How To Conditionally Change index.html in React

How To Conditionally Change index.html in React

Make your index.html content depend on environment variables

When developing a React app, you might need to include or change scripts or HTML tags based on the environment you are building for. This is especially true when dealing with SEO or tracking tools, such as Google Analytics or HotJar.

What you may not know is that React applications initialized with Create React App offer you the possibility to do so. Although it's very difficult to find documentation for it online, it is actually a cool feature. In fact, with only a handful of lines of code, you can make your index.html file content depend on environment variables.

Let's learn more about this little-known feature and see how to use it.

Conditional Code With HtmlWebpackPlugin

HtmlWebpackPlugin comes with Create React App, and it is employed for bundling. Specifically, it uses public/index.html as a template and injects a <script> with the path provided by webpack to produce the final HTML page.

Also, HtmlWebpackPlugin offers developers the ability to deal with conditional code with the following syntax:

<% if (condition) { %>
    // code inserted in the final HTML file only if
    // condition is true
<% } %>

You can also use the else and/or if else branch as follows:

<% if (condition1) { %>
    // code inserted in the final HTML file only if
    // condition1 is true
<% } else if (contition2) { %>
    // code inserted in the final HTML file only if
    // condition1 is true
<% } else { %>
    // code inserted in the final HTML file only if
    // both condition1 and contition2 are false
<% } %>

Plus, while debugging, you may also need to print the value of a variable or condition. You can do that with this syntax:

<%= variable %>

At the end of an npm build or npm start process, you will find its value printed in the HTML file generated.

Conditional Code in Action

Let's say you wanted only your production React app to be crawled by Google and Google Analytics to be present only in production. You might think about writing two custom build scripts, but this is not required.

In fact, you can easily achieve both of these results. You only have to conditionally change the code of your public/index.html file based on the current environment, as follows:

<!DOCTYPE html>
<html lang="en">
  <head>
    <meta charset="utf-8">
    <meta name="viewport" content="width=device-width, initial-scale=1, shrink-to-fit=no">
    <meta name="theme-color" content="#000000">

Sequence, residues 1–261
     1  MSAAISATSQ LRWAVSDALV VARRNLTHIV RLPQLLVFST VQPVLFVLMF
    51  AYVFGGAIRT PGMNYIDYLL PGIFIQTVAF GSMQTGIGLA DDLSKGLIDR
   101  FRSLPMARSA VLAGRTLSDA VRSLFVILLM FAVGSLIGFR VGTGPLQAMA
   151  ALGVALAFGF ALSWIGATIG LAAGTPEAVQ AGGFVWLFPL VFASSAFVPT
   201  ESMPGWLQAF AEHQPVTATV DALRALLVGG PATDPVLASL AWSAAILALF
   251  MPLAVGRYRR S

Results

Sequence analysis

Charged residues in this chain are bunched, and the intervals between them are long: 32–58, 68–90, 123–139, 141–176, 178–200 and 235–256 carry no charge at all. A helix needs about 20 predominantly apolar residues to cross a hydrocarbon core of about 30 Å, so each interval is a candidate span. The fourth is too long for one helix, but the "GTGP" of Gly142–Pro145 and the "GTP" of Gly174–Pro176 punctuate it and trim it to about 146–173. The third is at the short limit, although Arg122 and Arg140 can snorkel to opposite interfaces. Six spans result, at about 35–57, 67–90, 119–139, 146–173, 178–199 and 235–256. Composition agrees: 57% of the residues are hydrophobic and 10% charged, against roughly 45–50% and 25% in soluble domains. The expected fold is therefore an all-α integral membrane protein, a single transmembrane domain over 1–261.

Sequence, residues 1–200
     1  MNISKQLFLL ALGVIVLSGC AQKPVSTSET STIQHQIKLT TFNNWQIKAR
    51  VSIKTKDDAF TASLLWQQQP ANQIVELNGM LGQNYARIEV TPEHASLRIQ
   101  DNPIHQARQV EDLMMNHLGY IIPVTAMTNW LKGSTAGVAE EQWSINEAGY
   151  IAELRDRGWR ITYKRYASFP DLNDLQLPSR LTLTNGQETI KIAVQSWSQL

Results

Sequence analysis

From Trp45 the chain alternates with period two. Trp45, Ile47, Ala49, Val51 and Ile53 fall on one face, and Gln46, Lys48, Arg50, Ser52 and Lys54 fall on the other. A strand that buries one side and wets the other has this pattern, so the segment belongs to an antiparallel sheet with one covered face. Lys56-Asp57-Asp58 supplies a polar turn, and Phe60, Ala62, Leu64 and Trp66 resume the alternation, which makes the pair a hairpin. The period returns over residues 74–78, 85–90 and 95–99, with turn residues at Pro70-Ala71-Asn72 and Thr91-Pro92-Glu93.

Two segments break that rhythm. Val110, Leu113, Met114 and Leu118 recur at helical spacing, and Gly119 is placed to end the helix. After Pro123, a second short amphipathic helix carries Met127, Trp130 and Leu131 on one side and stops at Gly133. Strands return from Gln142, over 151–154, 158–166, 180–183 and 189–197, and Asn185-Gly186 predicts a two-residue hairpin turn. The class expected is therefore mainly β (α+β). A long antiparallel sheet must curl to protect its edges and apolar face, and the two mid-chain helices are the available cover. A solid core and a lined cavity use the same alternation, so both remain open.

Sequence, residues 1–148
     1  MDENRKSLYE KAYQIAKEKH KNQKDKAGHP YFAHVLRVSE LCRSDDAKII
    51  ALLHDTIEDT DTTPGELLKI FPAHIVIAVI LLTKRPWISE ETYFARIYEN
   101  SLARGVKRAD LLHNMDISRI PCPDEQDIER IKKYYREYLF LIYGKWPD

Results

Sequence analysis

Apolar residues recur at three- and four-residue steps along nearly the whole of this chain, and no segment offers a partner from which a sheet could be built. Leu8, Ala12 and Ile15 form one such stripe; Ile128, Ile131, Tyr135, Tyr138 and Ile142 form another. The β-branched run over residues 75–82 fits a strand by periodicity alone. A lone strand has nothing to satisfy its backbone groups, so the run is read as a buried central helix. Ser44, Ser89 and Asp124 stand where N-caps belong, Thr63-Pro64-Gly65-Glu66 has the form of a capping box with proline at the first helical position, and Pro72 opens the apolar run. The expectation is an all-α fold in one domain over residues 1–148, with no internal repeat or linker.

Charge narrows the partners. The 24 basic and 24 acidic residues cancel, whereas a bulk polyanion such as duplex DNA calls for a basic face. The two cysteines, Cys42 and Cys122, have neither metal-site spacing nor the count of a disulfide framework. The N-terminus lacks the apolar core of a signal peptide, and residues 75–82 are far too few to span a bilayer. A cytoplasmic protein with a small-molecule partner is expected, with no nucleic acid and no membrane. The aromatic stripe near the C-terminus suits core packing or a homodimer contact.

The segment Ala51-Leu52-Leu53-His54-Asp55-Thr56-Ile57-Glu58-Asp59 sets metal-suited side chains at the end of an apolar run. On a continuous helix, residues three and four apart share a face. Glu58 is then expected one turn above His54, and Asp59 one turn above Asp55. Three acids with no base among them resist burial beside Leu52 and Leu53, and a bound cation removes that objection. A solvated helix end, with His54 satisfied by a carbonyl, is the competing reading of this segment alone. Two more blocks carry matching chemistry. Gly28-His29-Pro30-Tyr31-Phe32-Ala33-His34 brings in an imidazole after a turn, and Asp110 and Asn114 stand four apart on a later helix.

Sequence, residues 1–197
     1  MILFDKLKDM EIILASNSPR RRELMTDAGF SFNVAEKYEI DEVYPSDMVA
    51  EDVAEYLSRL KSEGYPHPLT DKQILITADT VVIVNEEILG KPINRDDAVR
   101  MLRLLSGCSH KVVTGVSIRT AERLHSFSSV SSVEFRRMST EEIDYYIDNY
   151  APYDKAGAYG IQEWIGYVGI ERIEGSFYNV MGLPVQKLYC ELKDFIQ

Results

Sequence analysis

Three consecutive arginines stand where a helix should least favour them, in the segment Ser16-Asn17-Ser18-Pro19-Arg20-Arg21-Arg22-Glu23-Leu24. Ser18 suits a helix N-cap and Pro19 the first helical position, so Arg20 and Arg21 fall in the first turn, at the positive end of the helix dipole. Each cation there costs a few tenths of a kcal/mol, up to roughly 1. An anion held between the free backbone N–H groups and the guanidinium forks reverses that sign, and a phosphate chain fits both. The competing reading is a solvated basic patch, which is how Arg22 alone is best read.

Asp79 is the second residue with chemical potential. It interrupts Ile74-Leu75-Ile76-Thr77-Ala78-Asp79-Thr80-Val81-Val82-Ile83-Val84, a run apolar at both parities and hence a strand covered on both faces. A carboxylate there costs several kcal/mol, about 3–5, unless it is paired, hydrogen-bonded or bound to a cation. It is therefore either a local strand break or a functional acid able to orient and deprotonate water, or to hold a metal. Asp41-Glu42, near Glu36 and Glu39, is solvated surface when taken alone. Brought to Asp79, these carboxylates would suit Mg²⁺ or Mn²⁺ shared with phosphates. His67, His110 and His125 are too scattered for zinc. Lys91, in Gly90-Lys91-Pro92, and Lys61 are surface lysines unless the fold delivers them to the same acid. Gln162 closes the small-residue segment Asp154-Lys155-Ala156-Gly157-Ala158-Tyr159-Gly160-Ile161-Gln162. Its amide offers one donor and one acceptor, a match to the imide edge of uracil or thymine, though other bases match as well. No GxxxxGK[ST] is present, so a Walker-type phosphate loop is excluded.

<!-- GOAL 1 -->
    <% if (process.env.NODE_ENV !== 'production') { %>
        <!-- avoid being crawled -->
        <meta name="robots" content="noindex" />
    <% } %>

    <!--
      manifest.json provides metadata used when your web app is added to the
      homescreen on Android. See https://developers.google.com/web/fundamentals/engage-and-retain/web-app-manifest/
    -->
    <link rel="manifest" href="%PUBLIC_URL%/manifest.json">
    <link rel="shortcut icon" href="%PUBLIC_URL%/favicon.ico">

    <!-- GOAL 2 -->
    <% if (process.env.NODE_ENV === 'production') { %>
        <!-- Google Analytics -->
        <script async src="https://www.googletagmanager.com/gtag/js?id=<YOUR_ID>"></script>
    <% } %>

    <!--
      Notice the use of %PUBLIC_URL% in the tags above.
      It will be replaced with the URL of the `public` folder during the build.
      Only files inside the `public` folder can be referenced from the HTML.
      Unlike "/favicon.ico" or "favicon.ico", "%PUBLIC_URL%/favicon.ico" will
      work correctly both with client-side routing and a non-root public URL.
      Learn how to configure a non-root public URL by running `npm run build`.
    -->
    <title>React App</title>
  </head>
  <body>
    <noscript>
      You need to enable JavaScript to run this app.
    </noscript>
    <div id="root"></div>
    <!--
      This HTML file is a template.
      If you open it directly in the browser, you will see an empty page.
      You can add webfonts, meta tags, or analytics to this file.
      The build step will place the bundled scripts into the <body> tag.
      To begin the development, run `npm start` or `yarn start`.
      To create a production bundle, use `npm run build` or `yarn build`.
    -->
  </body>
</html>

What happens is that the two sections written with the special syntax presented above will be included in the final HTML file only when process.env.NODE_ENV has the desired value. This environment variable is part of Create React App, as stated in the official documentation.

_"[…] a built-in environment variable called NODE_ENV. You can read it from process.env.NODE_ENV. When you run npm start, it is always equal to 'development', when you run npm test it is always equal to 'test', and when you run npm run build to make a production bundle, it is always equal to 'production'. You cannot override NODE_ENV manually."_ — Create React App

Et voilà! Your index.html content now depends on environment variables.

Conclusion

Today, we looked at how to make the index.html file change based on environment variables. Achieving this goal is easy and involves only a few lines of code. In particular, this is possible thanks to HtmlWebPackPlugin, which comes with Create React App by default. This useful, yet not widely known, React feature can save your day by allowing you to avoid writing custom scripts for your environment-targeted builds.

Thanks for reading! I hope that you found this article helpful.


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